If Bro-USA staff is reading this, please give me Kon Kon Kokon… It’s so cute! Just like Yoki Koto Kiku, there are cameo appearances by characters of other Koge-Donbo work.
For Immediate Release
Broccoli Books Acquires Galaxy Angel II and Kon Kon Kokon
Los Angeles, CA (July 10, 2006) - Broccoli Books has announced the acquisition of two manga titles, Galaxy Angel II and Kon Kon Kokon at Anime Expo 2006.
Galaxy Angel II is the third installment in the popular Galaxy Angel series, focusing on a new group of girls known as the Lune Angel Troupe. One of the girls, Apricot Sakuraba, is determined to find other “gate keepers” to free her older sister Milfuelle from the doomed fate. The original Galaxy Angel cast of the now disbanded Moon Angel Troupe also makes an appearance in the Galaxy Angel II manga series. Galaxy Angel II is illustrated by Kanan, and the story is written by BROCCOLI. Galaxy Angel II is slated to be released in Spring 2007.
Kon Kon Kokon is a romantic comedy about fox girl Kokon, who came to Tokyo to repay her thanks to Ren. Ren is a country bumpkin who is trying to hide the fact that he is a Japanese demon otaku. Kon Kon Kokon is the newest series by Koge-Donbo, the creator of Di Gi Charat and manga artist of Pita-Ten. Kon Kon Kokon will be released in the United States in Spring 2007.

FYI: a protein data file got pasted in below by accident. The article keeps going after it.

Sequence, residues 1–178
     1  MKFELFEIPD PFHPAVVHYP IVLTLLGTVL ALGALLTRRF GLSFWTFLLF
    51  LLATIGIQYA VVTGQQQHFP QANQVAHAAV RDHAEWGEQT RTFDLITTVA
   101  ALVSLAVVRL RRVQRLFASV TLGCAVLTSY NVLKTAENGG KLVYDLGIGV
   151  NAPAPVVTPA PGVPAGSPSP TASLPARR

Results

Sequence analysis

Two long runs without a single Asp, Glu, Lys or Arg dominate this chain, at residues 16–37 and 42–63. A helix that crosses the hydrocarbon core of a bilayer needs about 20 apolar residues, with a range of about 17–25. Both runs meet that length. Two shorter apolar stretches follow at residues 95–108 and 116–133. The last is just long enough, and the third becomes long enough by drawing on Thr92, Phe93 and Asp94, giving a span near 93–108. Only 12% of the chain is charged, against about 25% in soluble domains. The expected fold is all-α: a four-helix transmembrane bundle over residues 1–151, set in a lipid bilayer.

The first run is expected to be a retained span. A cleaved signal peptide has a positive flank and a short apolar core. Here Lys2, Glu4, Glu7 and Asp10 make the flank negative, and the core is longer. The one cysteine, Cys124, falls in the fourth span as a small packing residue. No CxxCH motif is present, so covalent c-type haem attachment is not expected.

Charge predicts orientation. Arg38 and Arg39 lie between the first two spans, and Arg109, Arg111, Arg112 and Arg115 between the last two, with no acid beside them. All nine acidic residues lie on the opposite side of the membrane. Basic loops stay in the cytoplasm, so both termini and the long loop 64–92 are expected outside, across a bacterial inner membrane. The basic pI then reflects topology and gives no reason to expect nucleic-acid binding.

Managing Editor Shizuki Yamashita comments, “We are pleased to bring more Galaxy Angel and Koge-Donbo goodness to the United States. I believe both old fans of the Galaxy Angel series and new fans that are going to start reading with Galaxy Angel II can enjoy the newest installment of the Galaxy Angel universe. And for Kon Kon Kokon, Koge-Donbo herself mentioned that it is similar to Pita-Ten, so those who liked Pita-Ten will surely enjoy Kokon and her adventures.”
I know, AX was over on the 4th, but I had to stick around to deal with guests. Circus people. I took them to Downtown Disney, Hollywood/Highland, and the sushi restaurant I help out.
And then today I took them to the airport.
As soon as I thought I can go home and sleep (or lay around watching Wimbledon), I get phone calls.
From Company S: There’s a new project from Japanese to English, so I have to go in Friday. From Company JRI: Seven documents to translate, one by Friday. From Company Go: Secret From Company TB: Japanese to English
And of course I still have the Juvenile Orion Illustration Book by Company B, Company DR’s manga x4, and other consulting work.
I also have an English Proficiency Test to interview for on Sunday.
All this work makes it look like I’m making a lot of money.